What happened to those dreams of wealth and freedom? It’s not just like this for business owners who struggle to make a profit. Even financially successful businesses are typically run by owners who worry about whether the business would survive without them.

My own experience explains what happens and I’ve also seen this scenario played out for hundreds of clients I have worked with. After four years in business, we were starting to make some progress and growing our sales and adding employees to cope with the growth.

What an ego trip on one hand, but a nightmare on the other.

The prospect of success pushes you on, but your lack of experience with a growing business shows up and you hit the wall, not knowing how to cope with employees who can’t do anything without asking you first and not knowing how the consequent inefficiencies are blowing out your costs and choking your cashflow.

Before too long, it gets to the point where you wonder if you would be better off getting out. But you can’t. The debts are too high. You would never pay them off working in a normal job.

Eventually for most, either the business goes under or you manage to find equilibrium where you can keep working at a survival level. You put in long hours and keep the business afloat. “One day,” you hope, “things will come good.” Meanwhile, the stress levels continue to damage your health and your relationship with your spouse/partner is often at breaking point, or worse. You hardly get to see your children and they grow up before you know it. They seem like strangers at times. You have never had the chance to get to know them as you would have liked and you regret the fact that you haven’t been a strong, positive influence in their lives.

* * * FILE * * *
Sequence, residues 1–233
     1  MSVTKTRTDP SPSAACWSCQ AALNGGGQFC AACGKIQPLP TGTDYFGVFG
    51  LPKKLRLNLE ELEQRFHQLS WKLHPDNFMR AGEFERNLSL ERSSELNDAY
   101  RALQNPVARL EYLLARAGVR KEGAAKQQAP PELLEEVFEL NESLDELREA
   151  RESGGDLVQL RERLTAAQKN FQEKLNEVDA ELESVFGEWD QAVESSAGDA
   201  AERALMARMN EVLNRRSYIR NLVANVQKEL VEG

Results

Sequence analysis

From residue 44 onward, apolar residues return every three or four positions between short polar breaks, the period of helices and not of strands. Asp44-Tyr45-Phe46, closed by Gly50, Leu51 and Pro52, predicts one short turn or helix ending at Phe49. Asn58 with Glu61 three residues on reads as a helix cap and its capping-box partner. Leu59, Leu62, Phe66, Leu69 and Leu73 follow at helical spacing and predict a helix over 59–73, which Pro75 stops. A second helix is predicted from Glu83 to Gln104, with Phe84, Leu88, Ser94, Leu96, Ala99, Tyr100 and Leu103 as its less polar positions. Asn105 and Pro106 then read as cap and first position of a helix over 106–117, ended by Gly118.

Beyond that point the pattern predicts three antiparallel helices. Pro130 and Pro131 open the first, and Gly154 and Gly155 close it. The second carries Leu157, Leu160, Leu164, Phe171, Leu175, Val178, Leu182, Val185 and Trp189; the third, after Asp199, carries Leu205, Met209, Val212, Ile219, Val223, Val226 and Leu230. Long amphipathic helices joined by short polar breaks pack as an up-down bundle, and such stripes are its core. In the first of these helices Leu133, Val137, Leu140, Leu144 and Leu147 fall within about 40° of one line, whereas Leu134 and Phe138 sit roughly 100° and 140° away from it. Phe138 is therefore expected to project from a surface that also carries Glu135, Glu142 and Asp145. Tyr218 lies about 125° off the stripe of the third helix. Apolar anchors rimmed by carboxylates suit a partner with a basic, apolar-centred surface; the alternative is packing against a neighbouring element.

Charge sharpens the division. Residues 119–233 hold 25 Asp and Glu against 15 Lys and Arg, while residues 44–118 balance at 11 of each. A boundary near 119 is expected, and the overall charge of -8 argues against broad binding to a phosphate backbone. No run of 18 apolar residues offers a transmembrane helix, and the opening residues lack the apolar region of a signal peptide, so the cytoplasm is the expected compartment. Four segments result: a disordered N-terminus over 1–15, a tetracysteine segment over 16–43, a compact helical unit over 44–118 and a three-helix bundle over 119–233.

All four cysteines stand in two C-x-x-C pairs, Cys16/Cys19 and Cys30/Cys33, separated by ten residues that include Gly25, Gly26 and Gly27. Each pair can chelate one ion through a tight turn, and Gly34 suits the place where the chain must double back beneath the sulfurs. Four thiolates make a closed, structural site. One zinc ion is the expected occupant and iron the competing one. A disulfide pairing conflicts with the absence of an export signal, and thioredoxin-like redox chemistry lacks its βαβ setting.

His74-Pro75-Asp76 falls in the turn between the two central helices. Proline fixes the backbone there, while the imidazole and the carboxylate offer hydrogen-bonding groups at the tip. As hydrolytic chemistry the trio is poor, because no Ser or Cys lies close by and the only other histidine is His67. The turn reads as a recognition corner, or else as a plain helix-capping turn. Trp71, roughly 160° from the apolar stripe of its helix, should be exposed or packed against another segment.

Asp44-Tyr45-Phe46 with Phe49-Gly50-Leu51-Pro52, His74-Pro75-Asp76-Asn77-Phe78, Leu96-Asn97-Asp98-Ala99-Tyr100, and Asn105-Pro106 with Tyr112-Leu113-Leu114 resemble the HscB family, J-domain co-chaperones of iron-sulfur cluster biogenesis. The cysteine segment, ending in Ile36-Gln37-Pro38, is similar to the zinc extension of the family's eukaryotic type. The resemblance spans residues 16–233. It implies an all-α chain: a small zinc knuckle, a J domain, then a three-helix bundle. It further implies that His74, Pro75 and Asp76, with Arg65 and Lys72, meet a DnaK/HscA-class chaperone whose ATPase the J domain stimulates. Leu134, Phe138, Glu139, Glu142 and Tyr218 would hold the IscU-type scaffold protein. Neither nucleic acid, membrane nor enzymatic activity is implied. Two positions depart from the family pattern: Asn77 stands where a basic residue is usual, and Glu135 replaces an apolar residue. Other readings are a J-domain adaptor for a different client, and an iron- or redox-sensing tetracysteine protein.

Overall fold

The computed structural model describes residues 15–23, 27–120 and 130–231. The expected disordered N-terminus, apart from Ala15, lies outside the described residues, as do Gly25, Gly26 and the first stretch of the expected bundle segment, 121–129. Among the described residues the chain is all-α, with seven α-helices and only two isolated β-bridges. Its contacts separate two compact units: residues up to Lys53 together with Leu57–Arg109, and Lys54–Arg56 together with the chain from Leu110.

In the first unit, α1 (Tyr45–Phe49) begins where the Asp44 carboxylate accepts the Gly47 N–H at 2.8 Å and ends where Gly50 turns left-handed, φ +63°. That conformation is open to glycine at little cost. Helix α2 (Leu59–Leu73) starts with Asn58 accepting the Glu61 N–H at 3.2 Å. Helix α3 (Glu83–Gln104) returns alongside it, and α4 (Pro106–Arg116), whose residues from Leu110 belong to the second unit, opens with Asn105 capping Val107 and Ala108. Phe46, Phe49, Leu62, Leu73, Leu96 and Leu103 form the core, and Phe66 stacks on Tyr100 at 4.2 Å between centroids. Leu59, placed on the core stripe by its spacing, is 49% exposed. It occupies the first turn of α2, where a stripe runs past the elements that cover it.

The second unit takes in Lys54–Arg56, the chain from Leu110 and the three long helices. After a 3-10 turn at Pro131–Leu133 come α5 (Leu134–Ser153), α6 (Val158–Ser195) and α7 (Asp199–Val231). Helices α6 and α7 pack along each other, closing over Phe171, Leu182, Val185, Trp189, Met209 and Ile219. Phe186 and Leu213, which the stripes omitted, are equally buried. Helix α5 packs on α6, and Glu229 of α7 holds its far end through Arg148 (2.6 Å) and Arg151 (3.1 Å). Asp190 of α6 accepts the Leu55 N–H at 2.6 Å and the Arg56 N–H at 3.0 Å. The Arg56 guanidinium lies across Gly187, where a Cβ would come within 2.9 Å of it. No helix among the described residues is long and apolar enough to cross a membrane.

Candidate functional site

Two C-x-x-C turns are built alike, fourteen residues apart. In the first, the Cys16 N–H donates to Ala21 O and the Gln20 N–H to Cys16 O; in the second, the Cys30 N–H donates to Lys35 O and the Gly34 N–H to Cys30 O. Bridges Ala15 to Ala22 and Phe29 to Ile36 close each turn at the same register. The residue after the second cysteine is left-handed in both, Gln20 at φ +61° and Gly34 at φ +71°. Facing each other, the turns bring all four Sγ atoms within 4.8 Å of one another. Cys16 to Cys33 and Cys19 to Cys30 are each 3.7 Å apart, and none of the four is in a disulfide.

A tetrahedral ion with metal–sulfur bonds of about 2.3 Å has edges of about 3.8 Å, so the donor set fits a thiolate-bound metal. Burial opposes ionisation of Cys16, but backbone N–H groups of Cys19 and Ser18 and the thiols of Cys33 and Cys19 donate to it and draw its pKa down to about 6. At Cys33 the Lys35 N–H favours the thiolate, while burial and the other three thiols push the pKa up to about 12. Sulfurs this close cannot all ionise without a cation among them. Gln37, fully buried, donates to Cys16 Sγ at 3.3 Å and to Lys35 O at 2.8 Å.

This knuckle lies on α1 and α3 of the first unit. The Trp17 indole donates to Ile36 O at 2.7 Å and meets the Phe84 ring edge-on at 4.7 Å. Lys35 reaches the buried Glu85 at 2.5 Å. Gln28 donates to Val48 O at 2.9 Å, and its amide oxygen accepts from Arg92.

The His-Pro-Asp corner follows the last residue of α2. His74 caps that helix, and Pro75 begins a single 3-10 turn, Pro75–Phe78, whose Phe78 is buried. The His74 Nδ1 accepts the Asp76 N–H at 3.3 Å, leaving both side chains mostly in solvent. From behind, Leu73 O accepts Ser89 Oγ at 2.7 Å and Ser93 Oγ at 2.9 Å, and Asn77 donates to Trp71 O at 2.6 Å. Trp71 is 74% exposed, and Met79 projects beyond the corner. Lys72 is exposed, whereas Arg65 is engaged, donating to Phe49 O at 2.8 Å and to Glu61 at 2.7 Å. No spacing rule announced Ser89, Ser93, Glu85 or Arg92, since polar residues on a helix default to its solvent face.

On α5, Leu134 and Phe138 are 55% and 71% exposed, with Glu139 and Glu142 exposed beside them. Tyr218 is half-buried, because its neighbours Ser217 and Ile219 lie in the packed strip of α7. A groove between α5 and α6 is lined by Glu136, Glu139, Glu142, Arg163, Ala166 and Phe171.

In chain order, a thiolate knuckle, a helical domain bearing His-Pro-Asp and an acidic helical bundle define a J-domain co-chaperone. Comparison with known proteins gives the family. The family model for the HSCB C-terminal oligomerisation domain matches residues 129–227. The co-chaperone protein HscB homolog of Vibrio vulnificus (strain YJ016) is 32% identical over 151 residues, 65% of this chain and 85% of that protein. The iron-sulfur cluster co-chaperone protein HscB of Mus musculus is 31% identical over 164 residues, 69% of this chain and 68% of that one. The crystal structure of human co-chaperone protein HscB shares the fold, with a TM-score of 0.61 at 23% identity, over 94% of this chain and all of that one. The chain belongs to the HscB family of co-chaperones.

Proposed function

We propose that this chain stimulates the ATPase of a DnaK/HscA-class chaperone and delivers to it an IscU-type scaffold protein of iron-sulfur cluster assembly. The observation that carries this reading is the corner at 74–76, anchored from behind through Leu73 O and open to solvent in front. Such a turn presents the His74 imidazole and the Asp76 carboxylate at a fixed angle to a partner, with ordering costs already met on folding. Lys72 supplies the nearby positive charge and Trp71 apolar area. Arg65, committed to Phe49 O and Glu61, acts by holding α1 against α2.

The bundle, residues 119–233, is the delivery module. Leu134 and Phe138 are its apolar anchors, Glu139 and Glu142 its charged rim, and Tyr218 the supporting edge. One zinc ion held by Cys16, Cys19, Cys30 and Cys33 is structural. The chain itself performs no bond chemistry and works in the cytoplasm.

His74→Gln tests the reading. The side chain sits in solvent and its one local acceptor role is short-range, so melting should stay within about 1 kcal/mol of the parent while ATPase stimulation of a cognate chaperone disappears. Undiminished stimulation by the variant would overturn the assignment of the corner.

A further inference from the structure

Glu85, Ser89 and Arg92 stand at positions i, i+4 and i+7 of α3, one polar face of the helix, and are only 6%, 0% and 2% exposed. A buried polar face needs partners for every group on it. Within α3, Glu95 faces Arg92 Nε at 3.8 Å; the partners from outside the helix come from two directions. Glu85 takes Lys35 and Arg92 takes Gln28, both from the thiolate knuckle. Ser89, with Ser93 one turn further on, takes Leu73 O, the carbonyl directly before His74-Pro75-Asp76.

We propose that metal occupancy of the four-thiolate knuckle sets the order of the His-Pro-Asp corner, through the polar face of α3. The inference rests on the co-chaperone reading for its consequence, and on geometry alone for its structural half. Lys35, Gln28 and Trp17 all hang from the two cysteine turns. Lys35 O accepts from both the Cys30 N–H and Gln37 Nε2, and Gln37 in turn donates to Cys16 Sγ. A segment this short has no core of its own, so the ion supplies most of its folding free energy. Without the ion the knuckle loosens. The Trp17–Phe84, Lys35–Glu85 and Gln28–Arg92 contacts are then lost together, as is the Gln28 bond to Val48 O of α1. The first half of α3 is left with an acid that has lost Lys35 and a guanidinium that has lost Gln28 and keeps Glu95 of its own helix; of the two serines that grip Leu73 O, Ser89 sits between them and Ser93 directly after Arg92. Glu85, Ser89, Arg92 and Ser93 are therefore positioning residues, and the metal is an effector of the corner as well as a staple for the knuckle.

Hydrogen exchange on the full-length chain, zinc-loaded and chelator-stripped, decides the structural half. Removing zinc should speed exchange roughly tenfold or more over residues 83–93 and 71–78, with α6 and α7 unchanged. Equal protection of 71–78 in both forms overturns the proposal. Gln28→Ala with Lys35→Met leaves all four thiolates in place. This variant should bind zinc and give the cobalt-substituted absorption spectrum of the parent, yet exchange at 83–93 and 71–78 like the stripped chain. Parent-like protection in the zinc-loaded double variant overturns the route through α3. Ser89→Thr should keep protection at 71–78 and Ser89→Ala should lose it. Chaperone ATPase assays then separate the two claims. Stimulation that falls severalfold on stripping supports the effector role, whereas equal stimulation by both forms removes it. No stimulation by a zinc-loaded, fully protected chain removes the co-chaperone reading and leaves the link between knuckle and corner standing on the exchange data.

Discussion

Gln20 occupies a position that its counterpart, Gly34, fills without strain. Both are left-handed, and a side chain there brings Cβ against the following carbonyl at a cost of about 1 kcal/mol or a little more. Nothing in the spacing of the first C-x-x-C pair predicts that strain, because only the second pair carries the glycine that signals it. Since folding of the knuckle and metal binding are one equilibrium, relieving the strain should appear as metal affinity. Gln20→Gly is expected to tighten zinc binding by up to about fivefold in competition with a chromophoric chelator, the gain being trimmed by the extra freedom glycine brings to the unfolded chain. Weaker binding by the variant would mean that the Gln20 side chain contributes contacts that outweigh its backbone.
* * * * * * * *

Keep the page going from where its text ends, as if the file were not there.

What went wrong?

Most business owners are experts in their trade or profession. We learn to manage our business mainly from watching previous employers and using that as a guide. This just perpetuates the same results. The business grows to a point that it becomes chaotic because the right people, systems and cashflow are not in place to manage growth. The vision and excitement that herald the start of the business is lost and the business becomes a drain on resources and a nightmare to work in.

The critical difference between the truly successful and the normal business described above is that successful entrepreneurs develop their businesses into sustainable, profitable operations that work without them having to be involved in the day-to-day running. That factor is critical, because until your business works without you, you still have a job and the business controls you.